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The Lakers installed a whole new offense before their game against the Grizzlies

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No better time to change everything than right before your 60th game, right?

Gary A. Vasquez-USA TODAY Sports

The Los Angeles Lakers were trounced 112-95 against the Memphis Grizzlies on Friday night in a game they were never truly competitive in despite point guard D'Angelo Russell continuing his hot streak since entering the starting lineup. The 20-year old rookie scored 22 points on just nine shots and made both of his three-pointers to go with three rebounds and three assists, but he was just about the only bright spot on a bad night for the Lakers on both ends of the floor.

The 95 points the Lakers scored in the loss was their lowest total in six games, and the team looked out of sync offensively for much of the night while shooting just 41 percent from the field as a unit. Lakers head coach Byron Scott blamed a leadership void due to the absence of Kobe Bryant, but that wasn't the only possible source of the team's struggles. If the team looked a bit discombobulated or confused, it's because they were (via Baxter Holmes of ESPN):

"We had a whole new offense thrown at us yesterday," Lakers rookie point guard D'Angelo Russell said after Friday's game. "Coach [Byron Scott] was demanding we run it. It was kind of tough because we didn't really get to run it against defense. We just talked about it, threw it in and then played with it. I feel like it's a great offense, but it was kind of thrown at us."

Jordan Clarkson told Shahan Ahmed of NBC LA that the offense was created as a means of facilitating more ball movement from a Lakers team that ranks 29th in the NBA in offensive efficiency and 28th in the league in percentage of assisted field goals. However, it sounds like the new playbook was a lot to take in 24 hours:

One fan in attendance may have best described the results on Friday night:

Installing a new offense in the 60th game of the season is fairly unorthodox, but there are a few positives to take away from it. The new sets did seem to allow Russell a ton of freedom to create, which on Friday night he mostly used to score on his own, but as the season goes on and team's start to send help his way he could presumably begin to facilitate more for other too.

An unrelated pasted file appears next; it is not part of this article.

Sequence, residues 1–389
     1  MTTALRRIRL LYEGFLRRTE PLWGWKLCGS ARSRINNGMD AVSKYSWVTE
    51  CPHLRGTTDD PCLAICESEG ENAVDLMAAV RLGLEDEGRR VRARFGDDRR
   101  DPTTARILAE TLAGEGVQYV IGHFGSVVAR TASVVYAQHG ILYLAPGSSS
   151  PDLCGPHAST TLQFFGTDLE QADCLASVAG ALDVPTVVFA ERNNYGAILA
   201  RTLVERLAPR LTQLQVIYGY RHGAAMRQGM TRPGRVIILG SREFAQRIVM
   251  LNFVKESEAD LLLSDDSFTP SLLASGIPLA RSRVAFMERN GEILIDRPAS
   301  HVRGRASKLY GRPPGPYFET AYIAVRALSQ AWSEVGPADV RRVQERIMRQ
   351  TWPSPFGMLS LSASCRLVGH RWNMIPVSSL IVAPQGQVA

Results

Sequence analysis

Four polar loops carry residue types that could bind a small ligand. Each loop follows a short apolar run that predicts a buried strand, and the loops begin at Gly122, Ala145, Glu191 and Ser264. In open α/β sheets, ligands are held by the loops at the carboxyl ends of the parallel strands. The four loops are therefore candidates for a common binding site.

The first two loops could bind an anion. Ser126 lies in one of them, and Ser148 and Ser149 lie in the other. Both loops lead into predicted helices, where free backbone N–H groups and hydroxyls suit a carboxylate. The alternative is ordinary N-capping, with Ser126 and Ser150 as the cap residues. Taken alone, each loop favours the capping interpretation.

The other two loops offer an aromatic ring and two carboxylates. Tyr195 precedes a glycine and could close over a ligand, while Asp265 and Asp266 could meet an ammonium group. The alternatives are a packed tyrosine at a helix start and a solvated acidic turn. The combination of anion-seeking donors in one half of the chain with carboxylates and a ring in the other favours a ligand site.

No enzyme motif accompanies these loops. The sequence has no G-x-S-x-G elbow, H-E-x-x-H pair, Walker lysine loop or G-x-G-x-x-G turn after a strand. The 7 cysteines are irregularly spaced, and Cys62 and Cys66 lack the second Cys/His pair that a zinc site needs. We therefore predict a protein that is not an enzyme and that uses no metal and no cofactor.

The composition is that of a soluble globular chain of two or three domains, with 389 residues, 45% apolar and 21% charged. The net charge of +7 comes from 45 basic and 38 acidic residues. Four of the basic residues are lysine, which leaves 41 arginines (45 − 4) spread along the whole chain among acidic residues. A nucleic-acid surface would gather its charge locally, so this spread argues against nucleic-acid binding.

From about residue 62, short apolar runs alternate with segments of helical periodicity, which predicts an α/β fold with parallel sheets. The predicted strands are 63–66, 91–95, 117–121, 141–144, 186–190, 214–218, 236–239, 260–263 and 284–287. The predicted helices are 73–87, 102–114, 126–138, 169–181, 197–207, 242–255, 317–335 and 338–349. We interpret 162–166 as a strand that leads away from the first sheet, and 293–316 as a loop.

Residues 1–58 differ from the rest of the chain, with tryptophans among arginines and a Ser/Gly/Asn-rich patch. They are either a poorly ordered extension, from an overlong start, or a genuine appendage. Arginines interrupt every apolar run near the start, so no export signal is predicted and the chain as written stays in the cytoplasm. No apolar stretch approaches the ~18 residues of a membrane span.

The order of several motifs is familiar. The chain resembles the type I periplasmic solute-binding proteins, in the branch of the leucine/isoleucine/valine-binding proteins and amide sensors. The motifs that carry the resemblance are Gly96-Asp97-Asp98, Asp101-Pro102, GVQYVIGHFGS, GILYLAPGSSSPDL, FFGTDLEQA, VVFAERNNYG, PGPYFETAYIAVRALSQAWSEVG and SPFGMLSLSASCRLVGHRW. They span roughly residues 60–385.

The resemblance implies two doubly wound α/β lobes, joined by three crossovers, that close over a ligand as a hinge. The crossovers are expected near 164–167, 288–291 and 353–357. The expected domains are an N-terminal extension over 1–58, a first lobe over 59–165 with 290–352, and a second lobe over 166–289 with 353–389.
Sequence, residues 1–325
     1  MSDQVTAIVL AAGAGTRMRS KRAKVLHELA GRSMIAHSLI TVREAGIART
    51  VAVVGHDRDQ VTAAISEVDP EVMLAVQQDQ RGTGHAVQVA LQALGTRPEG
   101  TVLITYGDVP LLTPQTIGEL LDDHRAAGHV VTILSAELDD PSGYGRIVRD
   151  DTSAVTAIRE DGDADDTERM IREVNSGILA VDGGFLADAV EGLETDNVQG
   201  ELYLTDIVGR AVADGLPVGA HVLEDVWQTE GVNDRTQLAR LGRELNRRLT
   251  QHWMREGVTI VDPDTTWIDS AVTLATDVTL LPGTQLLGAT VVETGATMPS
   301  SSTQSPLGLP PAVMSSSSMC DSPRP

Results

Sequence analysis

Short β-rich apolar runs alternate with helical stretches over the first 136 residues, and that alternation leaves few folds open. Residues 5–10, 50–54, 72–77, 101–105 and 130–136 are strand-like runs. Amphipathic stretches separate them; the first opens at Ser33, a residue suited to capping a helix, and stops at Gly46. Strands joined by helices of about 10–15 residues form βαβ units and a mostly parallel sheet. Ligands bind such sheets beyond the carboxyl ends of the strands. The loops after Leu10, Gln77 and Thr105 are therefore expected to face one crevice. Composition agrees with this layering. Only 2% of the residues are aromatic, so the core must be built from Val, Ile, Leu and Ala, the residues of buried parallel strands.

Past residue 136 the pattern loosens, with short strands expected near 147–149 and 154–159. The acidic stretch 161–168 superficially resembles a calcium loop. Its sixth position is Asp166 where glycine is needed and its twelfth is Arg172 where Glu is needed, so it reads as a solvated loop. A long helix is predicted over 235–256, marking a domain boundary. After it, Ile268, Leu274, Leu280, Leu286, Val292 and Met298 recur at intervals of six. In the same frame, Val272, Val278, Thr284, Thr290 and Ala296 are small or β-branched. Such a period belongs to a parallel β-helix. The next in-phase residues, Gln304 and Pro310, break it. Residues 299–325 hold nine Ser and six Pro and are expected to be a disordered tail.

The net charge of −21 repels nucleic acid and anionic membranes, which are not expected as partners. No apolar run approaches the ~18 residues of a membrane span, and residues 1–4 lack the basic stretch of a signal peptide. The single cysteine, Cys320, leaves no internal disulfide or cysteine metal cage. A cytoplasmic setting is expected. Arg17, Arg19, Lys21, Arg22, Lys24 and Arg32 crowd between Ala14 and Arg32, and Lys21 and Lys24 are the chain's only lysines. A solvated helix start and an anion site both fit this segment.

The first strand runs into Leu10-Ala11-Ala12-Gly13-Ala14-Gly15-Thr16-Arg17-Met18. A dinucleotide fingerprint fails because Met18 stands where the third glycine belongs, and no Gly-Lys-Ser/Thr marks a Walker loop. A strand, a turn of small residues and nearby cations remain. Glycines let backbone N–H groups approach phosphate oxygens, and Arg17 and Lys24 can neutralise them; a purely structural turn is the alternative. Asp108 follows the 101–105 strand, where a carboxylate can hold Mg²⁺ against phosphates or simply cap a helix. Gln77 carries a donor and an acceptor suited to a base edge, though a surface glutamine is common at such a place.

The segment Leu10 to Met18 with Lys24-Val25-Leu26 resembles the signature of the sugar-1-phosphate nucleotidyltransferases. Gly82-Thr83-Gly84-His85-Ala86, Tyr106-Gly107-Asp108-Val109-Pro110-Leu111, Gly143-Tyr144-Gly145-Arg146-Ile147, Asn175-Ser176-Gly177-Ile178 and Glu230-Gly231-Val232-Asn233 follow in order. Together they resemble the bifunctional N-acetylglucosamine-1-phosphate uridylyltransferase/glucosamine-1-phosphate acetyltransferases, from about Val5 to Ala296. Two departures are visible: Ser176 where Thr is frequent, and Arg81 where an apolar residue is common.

The Lakers spacing still looked cramped and the team shot just 21.7 percent from behind the arc against the Grizzlies, but if that number ticks up the new offense will presumably look better than it did on Friday night.

Byron Scott made similar changes towards the end of last season when it became clear that the Lakers needed to center their offense around Clarkson to evaluate him going forward, switching from their more regimented Princeton-based sets to mostly spread pick-and-rolls to give Clarkson more freedom to attack. As the always thoughtful Darius Soriano of Forum Blue and Gold noted, though, Thursday's practice may have not been the most opportune time to make such a change:

Later in his story, however, Oram makes a very good point that the team does have time to practice their new scheme in the coming days. The Lakers do not play again until Tuesday, leaving them Saturday (normally a day off after a Friday night game, but Scott has called a practice), Sunday, and Monday to teach and refine their offense. And while that's true, I would argue the team just had several days of practice without playing a game when coming out of the All-Star break. Coming out of that weekend, the Lakers had, like they will coming up, three days of practice. Plus, most players were coming off a vacation and were refreshed mentally and physically.

Wouldn't it have made more sense to start to put this offense in place at that time and use the practice time since, and coming up, to further refine, tweak, and determine the ways the new approach works and doesn't for this specific group of players? Hibbert says the offense Scott is implementing is influenced by what the Spurs do, but that style of play is predicated on timing, feel, and awareness of what teammates and the defense is doing in order to make the correct reads. This takes time — time the team does have some of in the coming days, but would have had more of just two weeks ago with the added bonus of also having this stretch ahead to continue to build on the new principles.

Whether or not this change eventually proves fruitful remains to be seen, and the "more ball movement" aspect of the new sets will be especially tested whenever Kobe returns to the lineup. Still, it's good that Scott is trying something to improve what has been one of the worst and most disappointing offenses in the entire NBA this season. If Russell played so well when he wasn't comfortable, it could be a good sign heralding a strong stretch run for the 20-year old when he does become versed in the new schemes.

All stats per NBA.com. You can follow this author on Twitter at @hmfaigen.